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Jan Willem Veening and Martijn Wieling have been appointed members of the Young Academy. Every year the Young Academy selects ten talented new researchers to add to its ranks. The Young Academy is part of the Royal Netherlands Academy of Arts and Sciences. It is an independent platform of leading young researchers that organises activities focusing on interdisciplinarity, science policy, and the interface between science and society.
In addition to their proven research excellence, members of the Young Academy take a broad interest in science and in science communication. Membership is for a five-year period.
(1978) and his multidisciplinary team are examining how the bacterium Streptococcus pneumoniae – which causes diseases such as pneumonia – multiplies, transforms into a pathogen and becomes resistant to antibiotics. They use smart genetic tricks, synthetic-biological methods and advanced microscopy technologies, a combination of approaches that is globally unique in this field of science. Given the societal impact of his work, Veening regularly participates in discussions, for example about synthetic biology and the use of antibiotics.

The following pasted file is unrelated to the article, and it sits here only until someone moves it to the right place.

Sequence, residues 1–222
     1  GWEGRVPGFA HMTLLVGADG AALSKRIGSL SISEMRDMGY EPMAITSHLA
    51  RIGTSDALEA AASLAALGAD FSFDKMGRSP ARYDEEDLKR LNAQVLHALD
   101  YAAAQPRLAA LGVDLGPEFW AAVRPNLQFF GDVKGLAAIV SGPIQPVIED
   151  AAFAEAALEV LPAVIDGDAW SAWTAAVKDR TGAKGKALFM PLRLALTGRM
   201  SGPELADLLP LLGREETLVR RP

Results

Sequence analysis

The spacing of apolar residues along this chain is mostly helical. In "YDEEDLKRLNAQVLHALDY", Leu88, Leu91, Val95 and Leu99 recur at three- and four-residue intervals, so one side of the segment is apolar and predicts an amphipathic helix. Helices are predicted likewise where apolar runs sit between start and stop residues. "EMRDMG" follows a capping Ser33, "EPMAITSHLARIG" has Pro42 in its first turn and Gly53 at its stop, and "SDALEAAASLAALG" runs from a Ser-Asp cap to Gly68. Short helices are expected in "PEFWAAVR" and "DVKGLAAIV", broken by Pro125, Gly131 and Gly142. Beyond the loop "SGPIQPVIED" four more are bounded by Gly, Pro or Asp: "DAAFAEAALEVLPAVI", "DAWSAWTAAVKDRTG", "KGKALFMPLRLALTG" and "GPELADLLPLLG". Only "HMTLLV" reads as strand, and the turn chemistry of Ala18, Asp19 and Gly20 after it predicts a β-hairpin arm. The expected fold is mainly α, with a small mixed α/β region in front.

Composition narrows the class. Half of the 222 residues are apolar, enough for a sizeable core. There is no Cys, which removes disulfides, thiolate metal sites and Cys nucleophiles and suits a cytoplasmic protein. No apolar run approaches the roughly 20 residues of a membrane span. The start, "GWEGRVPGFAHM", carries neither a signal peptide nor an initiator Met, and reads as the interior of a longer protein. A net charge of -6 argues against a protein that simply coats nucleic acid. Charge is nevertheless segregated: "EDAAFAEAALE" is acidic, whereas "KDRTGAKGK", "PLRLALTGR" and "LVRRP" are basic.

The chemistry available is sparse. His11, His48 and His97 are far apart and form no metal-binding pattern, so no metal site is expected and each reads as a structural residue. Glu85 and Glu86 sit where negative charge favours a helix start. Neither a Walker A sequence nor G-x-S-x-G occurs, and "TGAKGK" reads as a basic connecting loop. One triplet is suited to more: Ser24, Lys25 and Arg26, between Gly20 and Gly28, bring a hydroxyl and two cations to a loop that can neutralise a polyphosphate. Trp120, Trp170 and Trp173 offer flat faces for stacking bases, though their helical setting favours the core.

In Focus: Jan-Willem Veening
Martijn Wieling (1981) combines linguistics with information sciences and statistics. He has brought dialectometry and sociolinguistics, which for a long time were regarded as completely separate fields, closer together, thereby making it possible to determine the interwoven impacts of geography and social factors. He is now taking his research on language variation in a new direction, by using articulography to examine the movements that the tongue and lips make when we speak. This specific focus may help improve people’s pronunciation in a second language. Wieling is an ardent supporter of open access and sharing data and methodologies.
WoordWaark expands with 'Geschreven Gronings'
The Faculty of Arts of the University of Groningen can now deploy a new tool for linguistic research: mobile lab 'Spraaklab'. Spraaklab comprises a workplace for researchers and a separate, sound-proofed room where state-of-the-art recording...
In a video lecture for the Universiteit van Nederland (in Dutch), classicist Bettina Reitz-Joosse (University of Groningen) explains why Roman emperors were so proud of the erection of obelisks.